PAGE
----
Within hours of US Secretary of Defense Chuck Hagel announcing his resignation, candidates to replace him were being named. Within a day, two out of the top three rumoured candidates removed themselves from contention. So the quest to find a new Secretary of Defense is becoming a case of 'who's left?' Given the challenges abroad, and more importantly at home, this is understandable.

Tom Switzer pointed briefly to the 'gruelling confirmation hearings' that await a Secretary of Defense nominee before the now Republican-controlled US Senate. The reputation for intense scrutiny experienced during these sessions has already forced high profile Obama Administration candidates to reconsider.

But to say the domestic concerns of a new Secretary of Defense end there would be incorrect. Consider for a moment the unenviable position of managing the world's most powerful military amid budgetary uncertainty and while conducting a military campaign in the Middle East.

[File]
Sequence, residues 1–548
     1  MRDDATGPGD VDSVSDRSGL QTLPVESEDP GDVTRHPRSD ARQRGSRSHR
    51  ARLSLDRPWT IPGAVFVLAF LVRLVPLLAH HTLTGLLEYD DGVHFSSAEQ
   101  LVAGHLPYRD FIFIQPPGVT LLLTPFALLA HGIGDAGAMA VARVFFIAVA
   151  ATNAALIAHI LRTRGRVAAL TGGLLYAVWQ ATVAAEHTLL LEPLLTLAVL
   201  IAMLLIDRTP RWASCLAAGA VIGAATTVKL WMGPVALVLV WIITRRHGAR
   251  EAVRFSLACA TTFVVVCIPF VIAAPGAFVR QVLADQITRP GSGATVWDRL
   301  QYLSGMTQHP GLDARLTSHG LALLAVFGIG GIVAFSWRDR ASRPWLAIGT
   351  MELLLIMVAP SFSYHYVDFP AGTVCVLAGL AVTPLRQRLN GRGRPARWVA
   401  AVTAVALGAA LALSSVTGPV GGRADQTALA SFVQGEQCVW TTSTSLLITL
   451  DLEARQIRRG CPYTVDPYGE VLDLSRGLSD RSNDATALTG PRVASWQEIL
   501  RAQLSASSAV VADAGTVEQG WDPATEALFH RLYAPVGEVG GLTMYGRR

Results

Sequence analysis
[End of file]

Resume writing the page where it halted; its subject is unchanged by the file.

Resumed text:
But perhaps the greatest domestic challenge confronting a new Secretary of Defense is his or her place within the Obama Administration. The resignation of Chuck Hagel has led some informed commentators to believe he was a victim to what is seen as the White House's increasing centralisation of national security decision-making. Tom Ricks of Foreign Policy wrote:

Unless you have total White House backing in the first place, the job is almost impossible. Without such a commitment, it is just a nightmare.

Obama's eventual nominee will reflect a desire to either increase or decrease this trend of centralisation. Obama can pick a Secretary of Defense either because he/she will advocate and execute White House policy, or because he/she can be trusted to work in relative autonomy. These qualities are not mutually exclusive, but they won't always synchronize. The President's eventual choice will reflect his preferences and determine the direction of US National Security policy for the foreseeable future.

Photo courtesy of Flickr user US Department of Defense.